On the day prior to this (June 8), we held out some hope for a storm near the western NE/SD border. We started at Gering (near Scottsbluff, lunched in Harrison, and wound up watching towers lose the battle against the cap near Mission, SD. 395 miles.
June 9 Start: Pierre, SD
Lunch: Steele, ND
End: Bismarck, ND
We had a decent chance for a high-end storm today. SPC showed a slight risk for ND and a 5 percent tornado area, primarily north of I-94 in the middle of the state to the Canadian border. A lot of chasers were up in ND for this expected event. The general pattern has been mediocre at best for a week or two, and chasers were hungry for action. Dew points were still a tad marginal for really good tornado prospects. So-so moisture has been the bane of chasers for much of May and early June.
Prior to lunch along I-94 at Steele, we stopped at an abandoned house near Hazelton for the group pictures.
My target area was the middle of North Dakota, where CAPE and shear were both quite nice. There was a warm front and decent surface moisture convergence towards the Minot area, but I was not convinced that heading that far north and northwest was the better play. We headed to Harvey from Steele, and watched the sky from there. We had plenty of time to kill as the cap held well into the afternoon. I was nervous about the Minot-area play, and I had Steve and Justin take us almost halfway to Minot. At Balfour, we took a look at the old and abandoned school and surrounding sites.
As the afternoon slipped past 5 p.m., we drifted back southeastward from Balfour to Drake and Anamoose. Radar suddenly showed development to our SSW, and an anvil was coming our way. Chase time!
The images above were in the Denhoff area, to the northeast of Bismarck. The views are generally yo the west. A nice, big, and mostly flat updraft base has an RFD cut. The storm moved to the east and chased us eastward on Road 200 to Goodrich.
The base began to sport a shallow wall cloud near Goodrich, and a dusty whirl or two spun up beneath a suspicious lowering. These might have been weak tornadoes. The storm was well-organized and turning a bit more to the right. Since it was headed to the ESE, I figured that we should drop south and then east again. But it was a LONG drive south to the next east option via Highway 3: all of the way to Tuttle, perhaps 20 miles. That is well more than twice as far as I wanted to go! I could have tried unpaved roads, but it was an even LONGER way east on dirt roads to the next paved road. We had some good looks at the updraft and entire storm structure from Tuttle and eastward to Woodworth. We found a restroom for the folks in Woodworth and continued to the east. Another updraft was impinging on us from the southwest. The main show continued to our north.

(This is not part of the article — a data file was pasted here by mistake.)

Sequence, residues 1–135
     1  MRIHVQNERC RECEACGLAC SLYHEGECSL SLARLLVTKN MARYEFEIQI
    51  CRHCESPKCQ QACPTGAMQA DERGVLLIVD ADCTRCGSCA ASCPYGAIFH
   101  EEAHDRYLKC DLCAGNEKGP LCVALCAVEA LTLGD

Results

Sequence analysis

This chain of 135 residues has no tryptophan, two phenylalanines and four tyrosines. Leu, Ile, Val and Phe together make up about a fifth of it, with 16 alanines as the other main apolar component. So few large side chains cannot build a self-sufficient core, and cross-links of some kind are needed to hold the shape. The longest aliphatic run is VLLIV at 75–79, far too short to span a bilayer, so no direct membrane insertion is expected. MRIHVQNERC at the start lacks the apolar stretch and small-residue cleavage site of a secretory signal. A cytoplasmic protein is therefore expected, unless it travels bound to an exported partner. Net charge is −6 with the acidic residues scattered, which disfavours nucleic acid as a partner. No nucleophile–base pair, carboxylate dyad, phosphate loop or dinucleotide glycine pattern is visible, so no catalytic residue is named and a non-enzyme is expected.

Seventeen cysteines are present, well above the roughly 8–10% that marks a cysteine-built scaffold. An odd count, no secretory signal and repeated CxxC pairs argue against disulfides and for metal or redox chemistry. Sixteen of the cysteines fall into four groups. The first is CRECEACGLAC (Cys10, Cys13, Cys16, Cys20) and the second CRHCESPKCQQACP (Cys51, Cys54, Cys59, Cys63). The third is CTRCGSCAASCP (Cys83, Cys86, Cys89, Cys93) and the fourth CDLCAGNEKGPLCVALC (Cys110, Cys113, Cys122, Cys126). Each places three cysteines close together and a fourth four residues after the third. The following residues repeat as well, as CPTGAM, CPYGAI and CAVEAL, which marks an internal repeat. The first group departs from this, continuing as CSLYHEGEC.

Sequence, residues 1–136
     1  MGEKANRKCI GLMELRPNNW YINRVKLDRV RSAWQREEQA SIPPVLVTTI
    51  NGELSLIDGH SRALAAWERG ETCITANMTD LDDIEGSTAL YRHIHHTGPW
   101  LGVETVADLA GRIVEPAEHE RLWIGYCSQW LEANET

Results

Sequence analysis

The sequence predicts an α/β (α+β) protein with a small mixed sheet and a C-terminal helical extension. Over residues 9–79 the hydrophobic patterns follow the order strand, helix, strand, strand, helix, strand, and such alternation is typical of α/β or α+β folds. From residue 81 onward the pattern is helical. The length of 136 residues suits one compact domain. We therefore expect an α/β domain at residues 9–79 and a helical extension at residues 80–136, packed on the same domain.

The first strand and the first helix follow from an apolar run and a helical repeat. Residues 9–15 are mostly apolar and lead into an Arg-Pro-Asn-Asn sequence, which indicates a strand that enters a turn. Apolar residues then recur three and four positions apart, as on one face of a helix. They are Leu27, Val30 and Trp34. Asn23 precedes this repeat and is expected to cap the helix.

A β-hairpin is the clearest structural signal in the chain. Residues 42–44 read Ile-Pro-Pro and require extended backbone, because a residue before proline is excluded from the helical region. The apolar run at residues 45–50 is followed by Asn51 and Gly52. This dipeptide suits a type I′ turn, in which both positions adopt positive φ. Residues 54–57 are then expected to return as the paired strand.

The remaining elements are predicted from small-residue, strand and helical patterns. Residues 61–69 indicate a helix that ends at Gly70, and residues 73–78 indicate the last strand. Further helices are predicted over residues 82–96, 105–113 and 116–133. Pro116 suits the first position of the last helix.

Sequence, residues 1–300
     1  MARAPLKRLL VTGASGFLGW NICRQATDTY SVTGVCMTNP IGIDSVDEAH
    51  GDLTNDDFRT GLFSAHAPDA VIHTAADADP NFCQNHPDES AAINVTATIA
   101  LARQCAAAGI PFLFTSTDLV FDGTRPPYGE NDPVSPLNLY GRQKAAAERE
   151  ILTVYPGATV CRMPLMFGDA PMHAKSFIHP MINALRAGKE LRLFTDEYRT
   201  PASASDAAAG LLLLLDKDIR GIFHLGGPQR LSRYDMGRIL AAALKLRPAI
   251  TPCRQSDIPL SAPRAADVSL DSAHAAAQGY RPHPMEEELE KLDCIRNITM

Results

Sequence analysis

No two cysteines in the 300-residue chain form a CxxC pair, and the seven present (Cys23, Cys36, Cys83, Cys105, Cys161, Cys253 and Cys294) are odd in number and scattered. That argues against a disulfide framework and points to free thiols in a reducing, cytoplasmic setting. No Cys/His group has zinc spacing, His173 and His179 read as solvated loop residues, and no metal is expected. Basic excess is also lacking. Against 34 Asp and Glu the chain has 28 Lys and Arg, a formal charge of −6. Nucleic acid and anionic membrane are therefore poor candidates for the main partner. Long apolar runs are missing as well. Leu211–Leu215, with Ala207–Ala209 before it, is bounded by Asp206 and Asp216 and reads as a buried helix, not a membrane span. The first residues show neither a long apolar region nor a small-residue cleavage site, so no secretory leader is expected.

We came up to route 281/52, and unfortunately it runs NNW-SSE. I wanted to go to the northeast. We headed NNW, and wound up behind the strong storm. With another storm to its south, things looked a bit messy, but we forged on eastward to Kensal. I believe the views to the east below were from a spot 2-3 miles west of Kensal. The storm was sucking up dust and throwing out hail blobs now — it was cranking! If the base had been a bit lower, there likely would have been a good tornado chance at this time.
Rain started to fill into the updraft base area, and it didn’t look quite so dramatic. We continued east to Courtenay and a tad beyond. A suspicious and shadowy shape was in the core to our east, to the left of a rainbow. This is about the time a tornado was reported near Walum, which is right where we were looking. Was it a legitimate tornado, or were other chasers seeing what we were seeing and assuming a tornado? I don’t know the answers.
We camped out here for the sunset, with beautiful light in all directions! What else would you expect in the Dakotas? We got into Bismarck for the night quite late, as severe storms began to march eastward along I-94 a count or two west of the capital city. It would have been fun to check it out, but sleep was more important…
On the following day, June 10, we headed west and south from Bismarck and watched a bunch of junky showers near Camp Crook and vicinity. It was ugly. But it had a few pretty moments, too. We were in Belle Fourche for the night (375 miles), and back to Denver midday on the 11th for the end of the tour (412 miles). Pics below are from June 10, along the Enchanted Highway, near Ludlow, SD, and Camp Crook, SD.